beauty, colorism, Uncategorized

Long Live Colorism? Part 1

There’s no denying that a wave of body positive activism has taken social media by storm. There’s now a collective standing up and saying that all bodies are beautiful.

Sure there’s still a lot of body shaming going on with comments like ‘you’re too skinny’ and ‘you’re too fat’ on every single social media platform, but, overall, there’s an increased number of confident men and women of all shapes and sizes, without a care in the world, displaying their confidence.

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Another social media wave I’ve personally paid a lot of attention to, and joined, are the natural hair and melanin appreciation posts. For the first time, since maybe the era of The Black Panther Party, in the 60s-70s, there’s a large number of black people embracing their natural kinks and curls, as hair relaxer companies continue to lose revenue each year.

There’s an increase of posts with hashtags such as #MelaninPoppin and memes playing on the words of the famous Maybelline slogan, ‘Maybe she’s born with it, maybe it’s Maybelline Melanin’.  Despite this large number of people celebrating all the hues seen in black communities, colorism, and the skin bleaching industry, are very much still alive. 

What is colorism?

It is a form of discrimination or prejudice in which people are treated differently based on the social implications attached to skin color/shade. I could spend hours talking about this subject, so I’ve split it into two parts.

Let’s have a look at the background of colorism. During colonial times and the triangle trade, black people of darker complexions were forced to do the more physically demanding work out on the fields. They lived in worse conditions and were overall treated worse than their lighter counterparts.

The slaves, who’s complexion revealed some European admixtures, were assigned lighter housework, better clothing and an overall better treatment (under the circumstances, they were still slaves after all). Just like hair texture discrimination lives on, colorism is still alive and thriving. 

Just watch the famous Doll Test video below, where black children all choose the black doll over the white one because it’s “prettier”, “nicer” and “better”.

The French psychologist, writer and philosopher, Frantz Fanon, observed that members of an oppressed group will frequently internalise the attitudes of their oppressors and then direct that aggression at each other.

This is something I have witnessed and experienced myself with black people making fun of darker relatives and friends, while uplifting those of brighter complexions.

The Brown Paper Bag Test

This was a type of discrimination in which a brown paper bag was used to determine whether or not an individual could have certain privileges. Those of the same colour or lighter than the paper bag were allowed these privileges, while those darker than the bag, were not.

Brown-Paper-Bag-Test

Those privileges included membership to exclusive clubs. Some of these clubs were called “Blue-Vein Societies” because it meant an individuals’ skin was fair enough to reveal the blue cast of veins.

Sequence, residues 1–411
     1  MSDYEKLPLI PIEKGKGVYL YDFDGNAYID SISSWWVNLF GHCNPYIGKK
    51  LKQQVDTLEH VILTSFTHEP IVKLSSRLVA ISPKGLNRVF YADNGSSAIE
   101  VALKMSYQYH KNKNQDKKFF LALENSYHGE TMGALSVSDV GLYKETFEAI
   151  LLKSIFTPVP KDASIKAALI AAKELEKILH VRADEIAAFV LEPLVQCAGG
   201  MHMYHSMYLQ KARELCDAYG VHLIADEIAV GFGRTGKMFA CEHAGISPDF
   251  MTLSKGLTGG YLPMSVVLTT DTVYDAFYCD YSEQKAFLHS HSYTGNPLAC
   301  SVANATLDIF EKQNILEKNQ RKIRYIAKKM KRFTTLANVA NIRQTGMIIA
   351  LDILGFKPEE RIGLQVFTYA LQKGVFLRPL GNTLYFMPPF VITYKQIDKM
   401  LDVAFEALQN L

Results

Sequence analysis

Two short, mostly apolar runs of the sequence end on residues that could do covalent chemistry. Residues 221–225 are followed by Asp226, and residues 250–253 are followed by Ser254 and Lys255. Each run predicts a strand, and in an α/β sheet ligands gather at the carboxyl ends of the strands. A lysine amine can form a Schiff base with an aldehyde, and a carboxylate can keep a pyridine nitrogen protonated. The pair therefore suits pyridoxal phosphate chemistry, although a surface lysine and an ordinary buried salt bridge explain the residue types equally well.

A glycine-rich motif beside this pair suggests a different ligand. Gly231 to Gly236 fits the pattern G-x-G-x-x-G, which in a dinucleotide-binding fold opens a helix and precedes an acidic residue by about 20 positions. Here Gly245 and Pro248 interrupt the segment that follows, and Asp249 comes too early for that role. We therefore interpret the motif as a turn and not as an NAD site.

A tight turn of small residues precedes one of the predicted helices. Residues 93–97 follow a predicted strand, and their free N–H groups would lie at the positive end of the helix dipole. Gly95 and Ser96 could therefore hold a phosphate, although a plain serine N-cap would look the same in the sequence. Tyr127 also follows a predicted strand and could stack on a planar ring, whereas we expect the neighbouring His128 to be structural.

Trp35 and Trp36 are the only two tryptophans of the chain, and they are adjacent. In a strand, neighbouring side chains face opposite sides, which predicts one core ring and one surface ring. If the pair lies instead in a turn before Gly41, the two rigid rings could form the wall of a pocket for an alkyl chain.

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Privilege is something that has been associated with skin tone across the globe in non-black communities like Asia, Europe and, The Middle East as well.

One of the first times I wrote about colorism for Afropé.se, I received a comment from a Swedish woman who explained that even back in the day in Scandinavia, darker complexion meant that you were poor and probably worked as a farmer, while lighter complexions meant that you were well off and didn’t need to spend time working  outside in the sun.

I can’t help but mention how different it is today though, with fake tan products selling like no tomorrow.

It is not uncommon for black families to have a mix of complexions represented. I, myself am the darkest out of my sisters, and my aunts, uncles and cousins all come in various shades as well. I remember years ago, being told by a relative that I wasn’t as pretty as my sister because she’s lighter than me. Thankfully my mum never bleached her skin and always reminded me that there was nothing wrong with my complexion.

I have friends who want to have kids with someone who’s either half white or fully white to ensure that their children get “good hair” & “pretty skin,” and I think these thoughts stem from the fact that they have been made to feel less desirable themselves due to their darker complexions, and the fact that we, as black people, keep many beauty ideals alive by passing it on from one generation to the next.

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In part 2, I’ll get deeper into the role hip hop music and movies have played in enforcing colorism, the skin bleaching epidemic and personal thoughts on the matter.

There’s beauty in strength.

/ Love Tima Ahimsa

I do not own any of the media in this post.

 

Here’s Part 2, and here’s a post about hair texture discrimination.

1 thought on “Long Live Colorism? Part 1”

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